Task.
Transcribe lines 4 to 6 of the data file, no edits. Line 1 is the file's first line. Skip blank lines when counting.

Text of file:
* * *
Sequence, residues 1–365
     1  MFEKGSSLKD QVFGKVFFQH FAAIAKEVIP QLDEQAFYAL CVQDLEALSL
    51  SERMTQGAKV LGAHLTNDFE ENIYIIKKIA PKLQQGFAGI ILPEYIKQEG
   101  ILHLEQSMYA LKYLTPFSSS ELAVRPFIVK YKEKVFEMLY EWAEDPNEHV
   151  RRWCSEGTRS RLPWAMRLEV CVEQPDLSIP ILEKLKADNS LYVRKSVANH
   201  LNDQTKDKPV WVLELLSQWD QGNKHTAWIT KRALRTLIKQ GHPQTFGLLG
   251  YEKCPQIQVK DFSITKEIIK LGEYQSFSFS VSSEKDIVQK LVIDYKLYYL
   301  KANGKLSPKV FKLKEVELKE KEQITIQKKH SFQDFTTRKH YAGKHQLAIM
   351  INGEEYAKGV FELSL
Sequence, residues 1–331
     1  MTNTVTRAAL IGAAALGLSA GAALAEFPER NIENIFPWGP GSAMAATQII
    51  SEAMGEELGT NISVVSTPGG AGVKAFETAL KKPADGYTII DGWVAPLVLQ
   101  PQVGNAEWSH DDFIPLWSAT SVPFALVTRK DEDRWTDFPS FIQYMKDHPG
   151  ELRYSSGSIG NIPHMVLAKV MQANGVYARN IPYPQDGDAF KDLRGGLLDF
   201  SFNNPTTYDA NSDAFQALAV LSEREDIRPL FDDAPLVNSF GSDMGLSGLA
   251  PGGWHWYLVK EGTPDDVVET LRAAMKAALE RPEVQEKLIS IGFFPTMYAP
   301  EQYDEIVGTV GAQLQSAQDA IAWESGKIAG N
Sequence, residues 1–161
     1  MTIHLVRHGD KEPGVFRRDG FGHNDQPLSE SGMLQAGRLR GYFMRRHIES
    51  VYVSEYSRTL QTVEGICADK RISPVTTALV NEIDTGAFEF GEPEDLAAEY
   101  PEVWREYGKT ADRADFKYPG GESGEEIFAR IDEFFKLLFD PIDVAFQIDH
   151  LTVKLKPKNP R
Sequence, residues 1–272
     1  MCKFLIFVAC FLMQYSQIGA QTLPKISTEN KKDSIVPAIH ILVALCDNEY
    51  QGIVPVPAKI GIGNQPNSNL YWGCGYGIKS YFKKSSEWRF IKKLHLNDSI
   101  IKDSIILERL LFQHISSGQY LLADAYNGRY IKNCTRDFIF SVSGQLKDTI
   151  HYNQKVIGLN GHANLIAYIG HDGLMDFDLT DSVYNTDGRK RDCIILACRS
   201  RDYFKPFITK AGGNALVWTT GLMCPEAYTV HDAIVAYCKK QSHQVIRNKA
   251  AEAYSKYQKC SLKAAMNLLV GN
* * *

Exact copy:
   101  ILHLEQSMYA LKYLTPFSSS ELAVRPFIVK YKEKVFEMLY EWAEDPNEHV
   151  RRWCSEGTRS RLPWAMRLEV CVEQPDLSIP ILEKLKADNS LYVRKSVANH
   201  LNDQTKDKPV WVLELLSQWD QGNKHTAWIT KRALRTLIKQ GHPQTFGLLG